Before I decided that my only child would be my last, I agonized for years over what my family and friends would think of me. Would they call me selfish or uncaring for not giving my kid a sibling, a so-called “built-in friend for life”? The reason I decided not to have a second child is simply because, from a mental health perspective, I needed to be able to survive.
When I was diagnosed with endometriosis and polycystic ovary syndrome in my 20s, my doctors said I might never be able to conceive. But against all odds, I got pregnant after just five months of trying. My partner and I were thrilled at the news, but almost immediately, my natural, low-level anxiety amped up into something I didn’t recognize. At a subsequent appointment with my OB/GYN, I confessed that my anxious feelings were getting out of control and taking over my life. I told her about how I would regularly sit on the edge of the bathtub at home, sobbing and worrying over what could go wrong with the pregnancy. I was terrified that I would lose the baby.
She immediately referred me to a hospital clinic that specialized in reproductive transitions and, eventually, I saw a psychiatrist. Looking back now, I should have realized that I was at risk for a mood disorder during pregnancy. I had my first instance of clinical depression as a teen, and several episodes afterwards. I’d taken antidepressants on and off for years. And whenever life threw me a curveball, I automatically turned to therapists. My new psychiatrist explained that I was more likely to suffer from postpartum depression because of my mental health history.
“I was done”
When my daughter came into the world five and a half years ago, I had brief moments of new-mother bliss before the darkness descended and the postpartum depression and anxiety quietly set in. Suddenly, I couldn’t cope, and I didn’t recognize myself. When I eventually got help and started taking medication, my mood slowly improved, but I remember thinking to myself in the months and years to come: How can I ever do this to myself again?
How to deal with postpartum anxietyAround the one-year mark, it seemed like all my friends were already thinking about having a second baby. It was as if they had miraculously emerged from the mental fog and physical exhaustion of new parenthood and were eager to try for another child. Did they have amnesia? How could they be so keen to go back to the sleep deprivation and constant breastfeeding all over again so soon? It baffled me and, in my darkest moments, it seemed like they were just asking for more misery.
I had conflicted feelings about having a second child, and my husband was happy with one. Part of me felt like I was abnormal to think about putting my mental health first and that I should put the needs of my daughter before my own. But how could I be the mother she deserved when I was already struggling with just one?
Turns out, I couldn’t do it. After a lot of therapy sessions and tough conversations with my husband, I finally admitted the secret truth festering in my heart: Although, in theory, I wanted another child—someone for my daughter to grow up with, someone I could lavish more of my motherly love on—from an emotional well-being perspective, I was done having children. The choice was between keeping my mental health stable and having a bonus child, just for the sake of it.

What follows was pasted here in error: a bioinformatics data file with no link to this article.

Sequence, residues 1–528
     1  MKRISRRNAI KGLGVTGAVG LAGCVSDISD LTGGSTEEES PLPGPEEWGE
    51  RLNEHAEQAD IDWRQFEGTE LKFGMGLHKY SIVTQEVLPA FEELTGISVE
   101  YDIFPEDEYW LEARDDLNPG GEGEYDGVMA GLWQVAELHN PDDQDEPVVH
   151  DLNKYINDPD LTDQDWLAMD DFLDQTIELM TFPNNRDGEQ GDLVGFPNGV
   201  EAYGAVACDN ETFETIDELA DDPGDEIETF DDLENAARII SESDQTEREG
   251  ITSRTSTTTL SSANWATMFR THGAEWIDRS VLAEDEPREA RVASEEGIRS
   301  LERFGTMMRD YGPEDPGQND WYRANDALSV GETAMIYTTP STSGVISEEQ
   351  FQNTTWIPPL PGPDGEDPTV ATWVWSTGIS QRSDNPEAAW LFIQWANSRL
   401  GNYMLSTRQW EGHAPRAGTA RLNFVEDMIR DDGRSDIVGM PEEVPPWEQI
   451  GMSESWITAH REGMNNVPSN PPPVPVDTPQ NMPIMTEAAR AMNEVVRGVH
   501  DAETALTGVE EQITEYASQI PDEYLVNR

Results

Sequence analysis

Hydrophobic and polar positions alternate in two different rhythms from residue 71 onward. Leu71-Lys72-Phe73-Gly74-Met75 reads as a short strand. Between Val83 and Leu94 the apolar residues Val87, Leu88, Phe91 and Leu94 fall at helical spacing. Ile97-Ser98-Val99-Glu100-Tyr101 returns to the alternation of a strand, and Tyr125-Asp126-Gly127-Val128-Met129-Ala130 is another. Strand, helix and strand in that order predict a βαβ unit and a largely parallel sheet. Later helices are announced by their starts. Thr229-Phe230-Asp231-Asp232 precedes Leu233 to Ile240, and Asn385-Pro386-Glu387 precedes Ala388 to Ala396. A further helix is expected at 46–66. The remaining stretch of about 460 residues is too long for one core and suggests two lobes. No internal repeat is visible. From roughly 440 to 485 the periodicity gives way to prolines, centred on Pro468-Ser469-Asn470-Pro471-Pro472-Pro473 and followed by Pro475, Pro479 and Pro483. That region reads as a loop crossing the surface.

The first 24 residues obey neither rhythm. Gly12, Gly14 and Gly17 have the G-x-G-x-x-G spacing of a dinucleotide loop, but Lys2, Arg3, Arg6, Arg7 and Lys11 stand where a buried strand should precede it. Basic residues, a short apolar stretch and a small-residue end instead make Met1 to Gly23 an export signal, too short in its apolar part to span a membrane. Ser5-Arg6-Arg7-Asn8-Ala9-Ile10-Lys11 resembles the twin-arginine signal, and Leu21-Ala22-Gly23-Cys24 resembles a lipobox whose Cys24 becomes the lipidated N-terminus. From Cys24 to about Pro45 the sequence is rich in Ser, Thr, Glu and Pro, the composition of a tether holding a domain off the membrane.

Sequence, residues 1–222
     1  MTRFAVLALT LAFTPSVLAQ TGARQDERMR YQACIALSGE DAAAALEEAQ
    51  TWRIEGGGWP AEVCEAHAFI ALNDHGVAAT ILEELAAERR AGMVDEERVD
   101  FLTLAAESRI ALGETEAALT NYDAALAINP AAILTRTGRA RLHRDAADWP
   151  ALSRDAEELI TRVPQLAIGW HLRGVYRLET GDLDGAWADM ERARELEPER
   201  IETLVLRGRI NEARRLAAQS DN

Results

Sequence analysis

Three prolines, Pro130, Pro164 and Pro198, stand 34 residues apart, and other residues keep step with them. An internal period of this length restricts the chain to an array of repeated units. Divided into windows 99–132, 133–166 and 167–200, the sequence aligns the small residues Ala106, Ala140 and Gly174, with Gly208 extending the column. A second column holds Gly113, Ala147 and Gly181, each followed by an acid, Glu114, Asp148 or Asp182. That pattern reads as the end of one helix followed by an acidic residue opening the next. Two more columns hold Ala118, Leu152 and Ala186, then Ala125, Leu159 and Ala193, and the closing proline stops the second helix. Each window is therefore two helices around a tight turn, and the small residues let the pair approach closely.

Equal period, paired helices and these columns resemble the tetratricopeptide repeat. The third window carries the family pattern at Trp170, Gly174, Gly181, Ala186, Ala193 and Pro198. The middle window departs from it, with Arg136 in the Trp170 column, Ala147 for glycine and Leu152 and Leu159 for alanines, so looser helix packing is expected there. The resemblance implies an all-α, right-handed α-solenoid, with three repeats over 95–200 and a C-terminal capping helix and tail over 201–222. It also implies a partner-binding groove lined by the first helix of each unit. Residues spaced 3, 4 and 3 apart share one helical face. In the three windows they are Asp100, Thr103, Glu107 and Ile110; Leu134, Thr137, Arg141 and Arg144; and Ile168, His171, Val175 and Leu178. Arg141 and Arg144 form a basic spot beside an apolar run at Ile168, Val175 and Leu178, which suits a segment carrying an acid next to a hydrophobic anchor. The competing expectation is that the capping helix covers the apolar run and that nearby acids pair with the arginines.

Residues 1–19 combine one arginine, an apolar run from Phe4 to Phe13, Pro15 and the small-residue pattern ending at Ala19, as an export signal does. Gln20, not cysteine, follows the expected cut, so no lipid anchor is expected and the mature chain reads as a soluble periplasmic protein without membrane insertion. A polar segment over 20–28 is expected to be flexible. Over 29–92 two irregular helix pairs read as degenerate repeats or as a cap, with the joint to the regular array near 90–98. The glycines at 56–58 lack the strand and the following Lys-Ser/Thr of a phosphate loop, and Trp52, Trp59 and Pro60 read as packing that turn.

Having one child means that my husband and I don’t have to divide and conquer, like many other parents with multiple children do. We don’t each have to take a kid when they have sibling squabbles. We can also arrange date nights more easily and sleepovers with both sets of grandparents, where one of us takes our daughter and stays over there to give the other spouse the house to themselves.
We couldn’t do this with a new baby. I would inevitably be left alone with a newborn for extended periods of time, and this would be slightly traumatic for me. I didn’t want to go through the emotional purgatory of postpartum depression and anxiety again, not to mention the physical exhaustion and monotony. Having my husband around to support me is crucial to not only my physical health but also my mental well-being, and if he was out of the house or in another room entertaining my daughter, I know it would also take a huge emotional toll on me.
Letting go of those dreams
“It can be hard to let go of past wishes for a larger family, but a second or third child comes with many added demands and stressors,” explains Cara Brown, a psychiatrist at the Women’s Mood and Anxiety Clinic, Reproductive Transitions, at Sunnybrook Health Sciences Centre. “Any woman with a mental health history who is thinking of having another child needs to consider many factors, including her current mental health stability, the severity of her illness, her coping abilities at work and home, her parenting and function with her current child, the mental health of her partner, her needs for psychotherapy and medications and the intensity of the needs of her current children.”
Deep down, I knew the chances of me being able to manage my mental health would decrease dramatically if I welcomed another child into the world. I just couldn’t see myself managing two kids’ schedules or being outnumbered if they had meltdowns at the same time. I knew I would panic and feel overwhelmed and end up just wanting to hide. The truth was disheartening on a primal level, but I had to face reality and accept my limitations. Besides, I knew I’d rather be a present, loving mother to one child than an unwell parent who couldn’t handle raising multiple children.
Brown states that after one episode of postpartum depression, the risk of recurrence is estimated to be up to 50 percent, possibly higher if a woman continues to be symptomatic or had severe illness.